Iditarod spectators really weren’t hearing things or seeing double this afternoon. The siren sounded twice announcing the arrival of Anna Berington and Kristy Berington. There were two squad cars waiting down near Subway and the movie theater to escort the twins to the Burled Arch. Then there were two teams heading down the left side of Front Street toward the Burled Arch. Nobody told the sled dogs they should use the center of the street where a track of snow has been laid down for them. Oh well…
Anna and Kristy Berington have shared common interests for a lifetime. Together they operate Seeing Double Sled Dog Racing. They say that being able to raise and train dogs together has been a dream come true, and racing the Iditarod is a perfect fit for their love of endurance racing. Dog mushing is the perfect sport to combine adventure and endurance racing when the twins are not training for their own endurance events. During the mushing “off” season, Anna and Kristi compete in half marathons, ultra distance races and triathlons. Kristi says, “:Anna and I are always in friendly competition. I’m really proud of her in her mushing and athletic career. To be a part of it all with her is amazing.” The twins do carpentry work and the fish commercially.
Leading the pair to the finish line this afternoon was Kristi. This is the eighth straight Iditarod Kristi has finished. Her highest place has been 29th. Today she finished in 40th position with a time of 10 days, 2 hours and 29 minutes. The time is a personal best by nine hours. Kristi has also raced in the Yukon Quest.
Anna followed her twin to the finish today with a time of 10 days, 2 hours and 30 minutes. Standing under the Burled Arch today represent Anna’s 6 straight Iditarod finish. While she finished 41st today, her highest finish was 28th. Like Kristi, Anna recorded a personal best time in Iditarod by about 9 hours.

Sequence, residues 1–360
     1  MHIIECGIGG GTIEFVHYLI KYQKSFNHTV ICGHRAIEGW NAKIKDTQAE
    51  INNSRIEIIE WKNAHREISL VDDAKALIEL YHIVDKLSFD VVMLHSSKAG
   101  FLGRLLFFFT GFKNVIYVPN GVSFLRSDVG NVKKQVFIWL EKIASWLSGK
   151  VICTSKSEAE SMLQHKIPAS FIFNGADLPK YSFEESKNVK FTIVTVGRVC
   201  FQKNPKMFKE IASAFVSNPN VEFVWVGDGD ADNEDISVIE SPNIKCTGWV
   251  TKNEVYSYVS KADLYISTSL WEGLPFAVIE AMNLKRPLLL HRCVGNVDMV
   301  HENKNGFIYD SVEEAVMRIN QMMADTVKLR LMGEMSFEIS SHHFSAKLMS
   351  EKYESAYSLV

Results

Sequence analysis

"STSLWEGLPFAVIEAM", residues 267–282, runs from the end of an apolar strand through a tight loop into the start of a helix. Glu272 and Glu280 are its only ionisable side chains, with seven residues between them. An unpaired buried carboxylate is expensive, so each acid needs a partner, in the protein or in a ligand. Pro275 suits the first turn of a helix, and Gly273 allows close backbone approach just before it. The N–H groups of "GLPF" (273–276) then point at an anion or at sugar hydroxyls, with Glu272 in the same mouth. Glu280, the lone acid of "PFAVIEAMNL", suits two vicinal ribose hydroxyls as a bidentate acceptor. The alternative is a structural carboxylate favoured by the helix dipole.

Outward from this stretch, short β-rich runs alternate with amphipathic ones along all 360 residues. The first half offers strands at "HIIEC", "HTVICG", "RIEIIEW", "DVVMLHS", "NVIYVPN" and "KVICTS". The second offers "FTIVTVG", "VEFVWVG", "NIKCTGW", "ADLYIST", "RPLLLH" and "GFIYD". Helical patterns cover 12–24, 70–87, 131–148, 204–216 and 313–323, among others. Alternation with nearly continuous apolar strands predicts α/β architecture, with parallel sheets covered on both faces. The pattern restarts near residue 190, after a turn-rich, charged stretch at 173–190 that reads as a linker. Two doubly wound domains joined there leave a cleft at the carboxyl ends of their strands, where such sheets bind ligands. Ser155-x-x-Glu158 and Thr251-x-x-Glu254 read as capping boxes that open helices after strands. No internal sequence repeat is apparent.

The last musher to stand under the Burled Arch for Thursday was Laura Neese. Laura came in whistling and grinning from ear to ear behind a team of healthy happy dogs. After setting her snow hook, she pointed to Air, a wheel dog and said, “That dog has never done a 1,000 mile race and he was rock solid. Kept his head in the game the whole race. I dropped my main leader Maple in Shaktoolik so we did a lot of leader training for the last 300 miles. It took a lot a patience but it’ll pay off.” Laura earns the coveted Iditarod finisher’s belt buckle with making Nome today. She arrived in 42nd place with 10 dogs on her gangline. She covered the distance from Fairbanks to Nome in 10 days, 3 hours and 40 minutes. I suspect that’s a record that Laura will want to challenge, perhaps even next year.
Neese is trained in Veterinary Technology. Laura became interested in running Iditarod through home school projects. She started her own kennel with just one dog but that grew quickly. Then the Ohio native hooked up with Stielstra’s Nature’s Kennel in the Upper Peninsula of Michigan. She worked under the mentorship of Ed Stielstra, a veteran of 8 runs to Nome. Laura gravitated toward long distance mushing over sprint or mid-distance. She completed the Yukon Quest in 2016 and now the Iditarod in 2017. The races are very different. Hearing what Laura appreciates about each, will be very interesting. Does she like the longer distances between checkpoints and the time spent in solitude with the dogs? Or does she like the shorter distances between checkpoints typical of the Iditarod. Does she like the drastic climbs of the Quest or does she like the technical challenges of the Iditarod trail?